So long as the temperature remains favorable during this transition period, recovery progresses until complete green-up of the turf occurs. Depending on the temperature, complete green-up may require 2 to 6 weeks (the higher the temperature, the faster the process is completed). However, if periods of favorable temperatures are interrupted by occasional freezing temperatures, green leaves may be killed and new leaves must be produced. These intermittent freezes delay spring recovery and place a greater demand on the reserve carbohydrates in the stolons and rhizomes of bermudagrass. If, for some reason, these reserves are low at the beginning of spring green-up, energy reserves may be transported from one tiller to support leaf production on another. When this occurs to a significant extent some tillers die and a thin turf develops. Then, surviving tillers must grow and spread to fill in where other tillers died. This is a common occurrence in many areas where bermudagrass is grown and 20 to 80 percent of tillers may be killed. Rate of recovery is, of course, directly related to the percent loss of tillers.
Indirectly, temperature affects spring transition in bermudagrass through its influence on nutrient availability and on disease activity (and nematodes). The effects of these organisms on plant growth are well known and will not be discussed at this point. Fungicides and nematocides can be used in the spring to reduce their effect on spring recovery of bermudagrass.
Shade also affects spring transition in bermudagrass by weakening the plant (reducing energy reserves) and increasing its susceptibility to winterkill. Bermudagrass growing in partial shade does not accumulate as high a level of energy reserves as that growing in full sunlight. Thus, the grass is slower to recover in the spring and more susceptible to environmental stress during this period.
Shade also has the effect of prolonging exposure of the grass to low temperatures, snow cover and other extreme environmental conditions. Prolonged exposure to these environmental stresses increases winterkill in bermudagrass and delays spring recovery.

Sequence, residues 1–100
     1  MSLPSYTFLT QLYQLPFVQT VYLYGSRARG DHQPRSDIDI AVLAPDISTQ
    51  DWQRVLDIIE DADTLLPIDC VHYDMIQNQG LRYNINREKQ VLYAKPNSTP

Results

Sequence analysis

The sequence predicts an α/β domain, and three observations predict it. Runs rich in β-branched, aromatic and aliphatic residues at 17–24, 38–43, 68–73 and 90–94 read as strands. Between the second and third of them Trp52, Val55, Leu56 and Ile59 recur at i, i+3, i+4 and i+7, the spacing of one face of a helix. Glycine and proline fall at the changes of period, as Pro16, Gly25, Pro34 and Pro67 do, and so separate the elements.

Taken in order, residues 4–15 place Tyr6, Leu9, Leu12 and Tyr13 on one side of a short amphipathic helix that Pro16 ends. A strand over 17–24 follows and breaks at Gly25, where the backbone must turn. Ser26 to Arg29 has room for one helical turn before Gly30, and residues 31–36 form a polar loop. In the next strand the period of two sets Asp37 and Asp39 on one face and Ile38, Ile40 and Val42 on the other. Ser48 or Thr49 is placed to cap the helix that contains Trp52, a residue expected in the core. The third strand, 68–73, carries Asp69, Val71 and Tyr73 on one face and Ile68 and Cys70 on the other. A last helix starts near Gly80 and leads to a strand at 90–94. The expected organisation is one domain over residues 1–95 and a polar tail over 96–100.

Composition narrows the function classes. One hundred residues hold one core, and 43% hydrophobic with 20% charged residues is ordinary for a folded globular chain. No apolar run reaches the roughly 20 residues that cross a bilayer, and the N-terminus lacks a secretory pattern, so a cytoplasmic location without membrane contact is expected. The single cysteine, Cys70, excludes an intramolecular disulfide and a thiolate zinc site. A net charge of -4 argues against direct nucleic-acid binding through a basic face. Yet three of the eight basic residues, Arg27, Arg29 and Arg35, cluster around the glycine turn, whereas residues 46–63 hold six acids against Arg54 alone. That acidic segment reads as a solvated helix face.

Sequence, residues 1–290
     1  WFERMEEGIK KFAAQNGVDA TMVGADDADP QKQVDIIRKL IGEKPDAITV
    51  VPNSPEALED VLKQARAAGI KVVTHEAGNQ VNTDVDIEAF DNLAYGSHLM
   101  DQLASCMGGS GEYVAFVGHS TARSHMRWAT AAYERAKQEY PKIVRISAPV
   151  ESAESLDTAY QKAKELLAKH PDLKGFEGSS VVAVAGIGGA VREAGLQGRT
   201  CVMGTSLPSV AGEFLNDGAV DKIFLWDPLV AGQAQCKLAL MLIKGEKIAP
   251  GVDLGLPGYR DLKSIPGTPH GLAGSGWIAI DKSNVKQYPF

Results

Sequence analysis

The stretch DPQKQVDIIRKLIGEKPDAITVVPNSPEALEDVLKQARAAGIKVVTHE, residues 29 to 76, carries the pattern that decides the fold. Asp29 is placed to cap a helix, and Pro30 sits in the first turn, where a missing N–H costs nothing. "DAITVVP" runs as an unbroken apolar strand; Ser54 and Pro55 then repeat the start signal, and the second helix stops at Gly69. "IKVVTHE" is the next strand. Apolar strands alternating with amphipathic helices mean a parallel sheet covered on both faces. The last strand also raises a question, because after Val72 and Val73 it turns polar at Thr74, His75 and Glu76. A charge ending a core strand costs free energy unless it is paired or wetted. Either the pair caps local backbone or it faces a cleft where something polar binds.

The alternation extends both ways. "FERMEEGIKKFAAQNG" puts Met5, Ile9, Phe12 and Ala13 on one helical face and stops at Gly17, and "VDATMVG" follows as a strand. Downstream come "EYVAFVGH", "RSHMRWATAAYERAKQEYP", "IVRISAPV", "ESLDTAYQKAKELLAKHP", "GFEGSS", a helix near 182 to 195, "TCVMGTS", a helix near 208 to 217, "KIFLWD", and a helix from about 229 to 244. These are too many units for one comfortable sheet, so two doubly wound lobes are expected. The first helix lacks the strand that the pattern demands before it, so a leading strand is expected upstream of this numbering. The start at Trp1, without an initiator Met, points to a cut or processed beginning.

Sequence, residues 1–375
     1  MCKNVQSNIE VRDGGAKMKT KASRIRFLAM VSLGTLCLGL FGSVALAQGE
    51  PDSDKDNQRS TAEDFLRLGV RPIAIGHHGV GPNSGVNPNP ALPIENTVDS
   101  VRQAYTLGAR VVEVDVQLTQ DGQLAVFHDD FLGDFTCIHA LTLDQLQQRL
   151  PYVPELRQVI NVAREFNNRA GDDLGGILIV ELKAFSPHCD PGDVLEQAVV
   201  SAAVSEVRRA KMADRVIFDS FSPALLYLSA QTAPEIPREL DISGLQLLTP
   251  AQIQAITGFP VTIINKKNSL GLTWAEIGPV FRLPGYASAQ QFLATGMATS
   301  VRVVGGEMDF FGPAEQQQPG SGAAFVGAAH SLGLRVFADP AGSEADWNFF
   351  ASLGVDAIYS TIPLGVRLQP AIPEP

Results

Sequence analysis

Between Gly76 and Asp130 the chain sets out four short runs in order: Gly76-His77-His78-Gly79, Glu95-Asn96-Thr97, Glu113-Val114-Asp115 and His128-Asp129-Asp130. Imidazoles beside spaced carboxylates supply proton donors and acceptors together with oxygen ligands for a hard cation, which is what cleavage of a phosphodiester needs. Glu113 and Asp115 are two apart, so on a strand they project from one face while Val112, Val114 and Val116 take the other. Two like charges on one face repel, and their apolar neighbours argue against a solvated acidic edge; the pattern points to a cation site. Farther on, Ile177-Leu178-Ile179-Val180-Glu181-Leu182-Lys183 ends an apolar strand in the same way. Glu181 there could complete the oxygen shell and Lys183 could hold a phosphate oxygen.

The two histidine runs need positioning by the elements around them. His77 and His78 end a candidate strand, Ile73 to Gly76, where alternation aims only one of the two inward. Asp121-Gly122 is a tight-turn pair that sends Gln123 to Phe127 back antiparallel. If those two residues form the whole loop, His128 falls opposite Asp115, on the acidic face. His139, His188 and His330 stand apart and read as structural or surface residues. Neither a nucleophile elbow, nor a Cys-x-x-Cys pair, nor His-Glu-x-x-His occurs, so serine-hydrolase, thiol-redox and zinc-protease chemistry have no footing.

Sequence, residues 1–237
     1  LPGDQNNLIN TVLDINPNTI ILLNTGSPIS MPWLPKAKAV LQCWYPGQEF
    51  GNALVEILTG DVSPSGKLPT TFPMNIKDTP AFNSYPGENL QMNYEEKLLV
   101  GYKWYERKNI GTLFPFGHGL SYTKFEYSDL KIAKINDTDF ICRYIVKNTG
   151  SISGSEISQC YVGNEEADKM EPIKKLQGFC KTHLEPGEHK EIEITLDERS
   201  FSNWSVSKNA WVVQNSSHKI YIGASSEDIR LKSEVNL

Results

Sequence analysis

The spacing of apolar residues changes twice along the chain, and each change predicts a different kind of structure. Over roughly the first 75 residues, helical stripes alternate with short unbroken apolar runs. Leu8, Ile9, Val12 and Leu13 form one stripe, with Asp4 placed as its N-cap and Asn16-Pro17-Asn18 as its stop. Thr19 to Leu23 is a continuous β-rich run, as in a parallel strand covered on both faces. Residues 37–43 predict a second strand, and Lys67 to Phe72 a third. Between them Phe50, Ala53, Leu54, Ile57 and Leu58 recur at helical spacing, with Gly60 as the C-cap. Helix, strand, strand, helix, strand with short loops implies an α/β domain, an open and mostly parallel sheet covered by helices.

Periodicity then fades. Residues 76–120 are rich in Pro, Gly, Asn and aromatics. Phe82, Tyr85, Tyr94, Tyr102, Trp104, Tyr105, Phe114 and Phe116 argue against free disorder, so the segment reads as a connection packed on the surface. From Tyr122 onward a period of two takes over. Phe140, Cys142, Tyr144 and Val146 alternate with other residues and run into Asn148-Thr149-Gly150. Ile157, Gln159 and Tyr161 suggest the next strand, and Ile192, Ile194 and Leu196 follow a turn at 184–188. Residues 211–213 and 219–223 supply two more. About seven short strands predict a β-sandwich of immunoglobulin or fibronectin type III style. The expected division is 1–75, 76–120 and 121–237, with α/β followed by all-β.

Where shade is a factor, management should be adjusted to enhance bermudagrass recovery in the spring. Fertilizer rates should be lower in bermudagrass growing in shade to reduce depletion of energy reserves. Also, mowing heights should be higher in shade to increase total energy reserves and to increase insulation or protection of the stolons during winter months. Herbicides should not be applied to bermudagrass growing in partial shade.
Moisture, either too little or too much, also has an effect on spring transition in bermudagrass. During dry periods in late winter and spring, significant losses of lateral buds or tillers, can occur through desiccation. Thus, as in the case of low temperature kill, complete recovery of bermudagrass is delayed until the surviving tillers fill in the dead areas.
Dry spring conditions also slow the mobilization and transport of soluble carbohydrates to lateral buds. Thus, leaf production is delayed until moisture becomes available. Timely irrigations will overcome the delay in the spring recovery associated with dry conditions.
Perhaps more serious than dry conditions which can be overcome by irrigation, wet soil conditions also delay spring recovery in bermudagrass. Under wet soil conditions in spring the conversion of energy reserves in the plant to soluble sugars is very inefficient. Where bermudagrass is exposed to prolonged wet conditions in the spring, energy reserves are depleted with little new growth produced to support the plant. Thus, some tillers are killed and a weak, thin turf develops. The solution to wet soil conditions is to provide for effective surface drainage, and, in some situations, install underground tile drains.
Compacted soil conditions delay spring recovery by restricting oxygen availability to the root system. This has the same effect on grass as wet soil conditions. Soil compaction can be alleviated in early spring by core aeration. Core aeration should be delayed until dangers of hard freezes are past.
Competition from winter weeds, particularly annual bluegrass, can also retard recovery of bermudagrass in the spring. A dense stand of winter weeds shades bermudagrass and competes with bermudagrass for moisture and nutrients. Furthermore, when annual weeds die in spring the turf is weak and susceptible to invasion by crabgrass. Thus, weeds should be controlled to reduce competition with bermudagrass and speed its recovery in spring.
Traffic not only increases soil compaction but increases wear on dormant bermudagrass turf. Heavy traffic removes much of the dormant bermuda cover and exposes the stolons and crowns to greater temperature and moisture stress, increasing winterkill due to low temperature and desiccation. The effect traffic has on compaction further compounds its effect on spring transition.